December 2010

Split Decision


A week of firsts. First I got an iphone after my boyfriend traded for a backpack or something and gave me the phone. It has this camera app that takes old-timey photos. I took a picture of my first couloir skiing excursion. Couloir is french for passage or corridor and it’s a steep, narrow gully. This couloir isn’t that narrow, if you take the right way. It’s called split decision because the route splits into two paths. One has a mandatory air, meaning you have to huck off off of a small cliff. The other has a few obstacles, but not as extreme.

The snowpack this year and coverage has been really good, especially for this early in the season. The avalanche conditions are also pretty stable, so I was ready for my first run down Split-D last week. At least I thought I was. Standing at the top I was really nervous. Mostly because I didn’t know exactly where I was going and also because there were a group of dudes I was skiing with watching me from below and I was the only girl. Even though conditions were stable, you don’t want to stop in the middle of steep avalanche terrain, so I was supposed to ski the run top to the bottom stopping point in the safety of some trees. Where we were skiing is accessed from the ski area, but it’s the backcountry. There are no ski patrol or controlled conditions. Shannon did his best to prep me at the top and I kept asking him if I was a good enough skier to do the run. He said I could turn back and ski back into the resort boundary. Yeah right! If I did that he’d never take me again. He told me which way to go, but I was afraid I would follow the wrong set of ski tracks down the more advanced run.  The top part was great, but then my heart started racing. I don’t even know which way I ended up going, but heard a guy at the bottom yell go right go right, and I thought I was supposed to be going left. So I don’t know if I went they way I had intended or not and I did get stopped on a small rock/cliff, but it wasn’t as bad as I had imagined. I made it down safely, heart pounding through my chest, but ready to do it again. We went they rest of they way down to where a few snowmobiles were stashed to get us out of the canyon.

On Friday, I did do it again and much more confidently. I knew exactly which way to go and there was even more snow after a foot had fallen on Wednesday. Now it might be my favorite run I’ve ever done.

Shannon hiking up the ridge to Mary's Nipple.


I’ve been a bit preoccupied with skiing lately, after all it’s been one of the best early season’s on record. Here’s a story I wrote about the stellar Snovember conditions. Which made be think about all the stoked out bros, brahs, groms, rippers, shredders and other slang names given to people who live for snow and sliding on it. It took me a while to figure out all the slanguage used by mountain folk and figured I could share a kind of dictionary for those a little lost when I refer to the “sick pow.” It also seems like people add a y on to a lot of words that don’t really need it. For example: Her ski jacket is so styley. Instead of just saying I like her style. So for you none ski bums reading, maybe this will help.

sick: synonyms would be, excellent, very good, awesome. “Dude, yesterday was sick!” If it was really, really good. You can say super sick.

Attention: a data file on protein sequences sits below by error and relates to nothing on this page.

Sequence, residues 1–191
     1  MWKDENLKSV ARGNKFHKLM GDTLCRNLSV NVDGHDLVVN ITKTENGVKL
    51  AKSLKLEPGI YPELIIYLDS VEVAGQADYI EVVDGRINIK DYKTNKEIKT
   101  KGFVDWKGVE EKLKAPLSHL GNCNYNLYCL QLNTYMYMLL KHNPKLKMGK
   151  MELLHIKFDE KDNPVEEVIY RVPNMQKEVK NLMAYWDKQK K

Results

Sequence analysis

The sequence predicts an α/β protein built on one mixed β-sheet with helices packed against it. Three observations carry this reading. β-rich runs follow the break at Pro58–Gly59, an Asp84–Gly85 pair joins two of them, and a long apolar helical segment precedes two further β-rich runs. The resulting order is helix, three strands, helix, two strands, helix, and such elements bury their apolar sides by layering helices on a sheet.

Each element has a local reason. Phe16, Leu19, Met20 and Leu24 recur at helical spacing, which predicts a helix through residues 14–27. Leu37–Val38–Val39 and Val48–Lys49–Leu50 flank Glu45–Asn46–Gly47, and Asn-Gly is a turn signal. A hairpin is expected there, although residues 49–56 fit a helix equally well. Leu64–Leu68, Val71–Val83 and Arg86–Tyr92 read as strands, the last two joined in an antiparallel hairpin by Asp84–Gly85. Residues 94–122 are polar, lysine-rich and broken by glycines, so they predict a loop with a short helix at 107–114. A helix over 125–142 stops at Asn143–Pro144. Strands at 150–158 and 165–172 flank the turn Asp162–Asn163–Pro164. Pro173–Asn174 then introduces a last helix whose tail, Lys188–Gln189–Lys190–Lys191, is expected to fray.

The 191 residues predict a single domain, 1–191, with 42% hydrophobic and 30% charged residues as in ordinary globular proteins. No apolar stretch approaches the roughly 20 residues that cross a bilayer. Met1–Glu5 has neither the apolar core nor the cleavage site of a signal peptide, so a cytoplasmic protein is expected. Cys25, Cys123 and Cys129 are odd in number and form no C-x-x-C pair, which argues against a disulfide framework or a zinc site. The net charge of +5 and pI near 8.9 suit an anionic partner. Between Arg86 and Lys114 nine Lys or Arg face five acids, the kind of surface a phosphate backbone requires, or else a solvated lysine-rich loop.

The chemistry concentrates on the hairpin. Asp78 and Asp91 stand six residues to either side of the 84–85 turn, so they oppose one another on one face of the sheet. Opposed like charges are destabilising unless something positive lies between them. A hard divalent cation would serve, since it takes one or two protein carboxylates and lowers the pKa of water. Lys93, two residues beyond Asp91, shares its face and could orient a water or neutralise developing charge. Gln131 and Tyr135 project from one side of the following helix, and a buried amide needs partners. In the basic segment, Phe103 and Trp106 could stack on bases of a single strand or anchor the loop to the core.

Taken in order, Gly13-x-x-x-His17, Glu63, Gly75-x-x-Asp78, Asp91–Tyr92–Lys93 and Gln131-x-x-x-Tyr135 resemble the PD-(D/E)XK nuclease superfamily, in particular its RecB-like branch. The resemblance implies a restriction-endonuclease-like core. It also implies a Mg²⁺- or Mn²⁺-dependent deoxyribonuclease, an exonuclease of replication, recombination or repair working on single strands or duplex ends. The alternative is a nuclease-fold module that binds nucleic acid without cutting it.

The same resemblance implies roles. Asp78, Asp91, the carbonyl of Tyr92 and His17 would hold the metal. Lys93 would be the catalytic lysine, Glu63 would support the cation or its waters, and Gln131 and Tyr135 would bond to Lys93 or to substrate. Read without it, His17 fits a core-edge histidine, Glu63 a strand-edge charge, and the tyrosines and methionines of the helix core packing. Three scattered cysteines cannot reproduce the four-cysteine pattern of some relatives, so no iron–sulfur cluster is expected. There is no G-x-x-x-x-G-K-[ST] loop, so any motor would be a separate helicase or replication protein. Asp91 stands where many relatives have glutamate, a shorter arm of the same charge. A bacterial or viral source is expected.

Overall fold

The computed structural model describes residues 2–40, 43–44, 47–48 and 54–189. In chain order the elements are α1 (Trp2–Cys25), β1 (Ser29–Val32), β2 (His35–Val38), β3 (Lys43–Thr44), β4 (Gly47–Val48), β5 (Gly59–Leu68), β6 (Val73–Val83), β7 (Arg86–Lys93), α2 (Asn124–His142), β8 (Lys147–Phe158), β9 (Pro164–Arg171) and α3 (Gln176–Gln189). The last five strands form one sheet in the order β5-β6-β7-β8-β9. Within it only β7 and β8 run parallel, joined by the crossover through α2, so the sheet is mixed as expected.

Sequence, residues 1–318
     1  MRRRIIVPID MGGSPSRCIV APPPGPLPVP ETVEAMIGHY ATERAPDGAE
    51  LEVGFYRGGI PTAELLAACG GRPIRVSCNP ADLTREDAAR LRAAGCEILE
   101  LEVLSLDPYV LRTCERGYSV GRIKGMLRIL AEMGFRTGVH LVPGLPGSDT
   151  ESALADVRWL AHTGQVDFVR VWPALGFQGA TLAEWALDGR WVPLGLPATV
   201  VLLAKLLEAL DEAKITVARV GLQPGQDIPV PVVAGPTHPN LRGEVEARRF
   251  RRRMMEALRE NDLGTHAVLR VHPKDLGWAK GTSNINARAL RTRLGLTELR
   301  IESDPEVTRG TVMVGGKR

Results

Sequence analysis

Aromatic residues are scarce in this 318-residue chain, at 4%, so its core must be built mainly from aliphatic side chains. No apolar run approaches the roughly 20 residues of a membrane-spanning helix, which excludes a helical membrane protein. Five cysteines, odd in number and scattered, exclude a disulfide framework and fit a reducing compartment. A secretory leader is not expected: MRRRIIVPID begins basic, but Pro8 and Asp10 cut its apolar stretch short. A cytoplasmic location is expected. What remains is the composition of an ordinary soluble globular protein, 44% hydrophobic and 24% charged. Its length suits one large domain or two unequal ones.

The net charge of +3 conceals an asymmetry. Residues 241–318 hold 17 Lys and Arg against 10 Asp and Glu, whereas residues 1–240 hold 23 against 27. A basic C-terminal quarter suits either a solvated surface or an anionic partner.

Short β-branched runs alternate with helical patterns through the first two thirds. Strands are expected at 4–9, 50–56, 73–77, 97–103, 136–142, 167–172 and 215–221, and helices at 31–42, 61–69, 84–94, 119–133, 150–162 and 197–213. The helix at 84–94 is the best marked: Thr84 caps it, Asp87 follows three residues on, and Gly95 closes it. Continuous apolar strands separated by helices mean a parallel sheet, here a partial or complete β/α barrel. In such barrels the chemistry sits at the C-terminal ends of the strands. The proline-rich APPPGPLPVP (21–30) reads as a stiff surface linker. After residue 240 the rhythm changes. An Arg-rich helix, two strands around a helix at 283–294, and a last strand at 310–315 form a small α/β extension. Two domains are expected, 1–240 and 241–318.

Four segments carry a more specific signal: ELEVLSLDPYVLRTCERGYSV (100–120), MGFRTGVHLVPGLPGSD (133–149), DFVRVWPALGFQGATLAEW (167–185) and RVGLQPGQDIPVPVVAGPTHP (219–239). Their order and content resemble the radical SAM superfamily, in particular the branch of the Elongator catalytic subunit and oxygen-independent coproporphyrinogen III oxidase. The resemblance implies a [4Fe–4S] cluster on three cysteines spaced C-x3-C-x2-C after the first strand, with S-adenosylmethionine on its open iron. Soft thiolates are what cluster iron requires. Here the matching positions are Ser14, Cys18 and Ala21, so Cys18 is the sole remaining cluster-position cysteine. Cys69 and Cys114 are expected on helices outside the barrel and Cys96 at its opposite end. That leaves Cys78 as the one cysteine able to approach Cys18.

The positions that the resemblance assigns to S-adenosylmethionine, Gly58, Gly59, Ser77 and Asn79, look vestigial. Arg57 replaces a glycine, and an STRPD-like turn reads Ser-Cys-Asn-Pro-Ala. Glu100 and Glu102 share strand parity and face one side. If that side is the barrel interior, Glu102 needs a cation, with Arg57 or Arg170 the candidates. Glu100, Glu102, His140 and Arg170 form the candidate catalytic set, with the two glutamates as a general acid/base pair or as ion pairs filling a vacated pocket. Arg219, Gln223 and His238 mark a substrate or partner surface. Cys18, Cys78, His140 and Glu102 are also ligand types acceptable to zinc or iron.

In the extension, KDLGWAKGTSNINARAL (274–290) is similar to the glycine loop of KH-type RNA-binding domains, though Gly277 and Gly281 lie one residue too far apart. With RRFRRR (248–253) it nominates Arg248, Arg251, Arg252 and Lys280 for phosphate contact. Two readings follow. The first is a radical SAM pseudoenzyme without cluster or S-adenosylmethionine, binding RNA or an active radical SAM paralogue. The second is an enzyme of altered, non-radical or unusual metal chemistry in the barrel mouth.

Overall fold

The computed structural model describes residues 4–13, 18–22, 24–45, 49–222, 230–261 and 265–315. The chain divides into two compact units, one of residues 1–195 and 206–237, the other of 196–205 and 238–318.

pow or pow-pow: powder snow. light, fluffy, untouched, cold, dry snow. “Let’s go get that pow-pow!”

bro/brah: a buddy or friend also known as a homie or dude. mostly gender specific to guys, but not always. “What up, brah? You been ripping any sick pow?”

ripper/shredder: Someone who is good at skiing or snowboarding. “She’s a ripper.”

freshies: fresh tracks while you’re skiing. “There’s still some freshies ou there, bro. Let’s go rip it up.”

grom: a young skier or snowboard who most likely ski better than you, or will soon. “Watch this grom do a back flip.”

huck: to jump off a cliff.  preferably with a soft powder landing. “Let’s go huck some cliffs.”

yard sale: to fall and have your equipment go every where. “Did you see that gaper yard sale?”

gaper: someone that doesn’t ski very often, or has dated, old gear. “Did you see that gaper skiing in jeans and rear entry boots?” It’s also a celebrated holiday observed on April 1 and the last day of the ski season, as Gaper Day. Those who think they are not gapers, dress up as their interpretation as one. Usually includes skiing in jeans or one piece ski suits from a few decades ago.

face shots: when the snow is deep and you make a turn, then the snow hits you in the face. “I had a face shot on like every turn, bro.”

bluebird: a sunny blue sky day after a storm. “What a sick bluebird pow day!”

dump/dumping: a large snow storm or fastly accumulating snow. “Sick, it’s dumping out! Tomorrow could be epic.”

aggro: aggravation or aggression. “Bro, no need to get all aggro out there. There are plenty of freshies for everyone.”

stezy: flashy or stylish gear. “That grom is so stezy.”

hectic: used to describe extreme circumstances. “Bro, it’s dumping out there. Tomorrow is going to be hectic.” This one is used mostly by groms at the moment.

Most of these aren’t necessarily specific to ski culture and were most likely borrowed from surf culture. They are not in alphabetical order, but more in order of relevance or most commonly used. This is a basic list and I’m sure I’ve missed a few or haven’t learned them yet.

Here’s a parting shot from my house a few mornings ago. It looks like it was about to be a bluebird day, right. Nah, bro. It started dumping about an hour later.

sunrise over the tetons from my front door with holiday decorations. i wish the snowflakes were that big.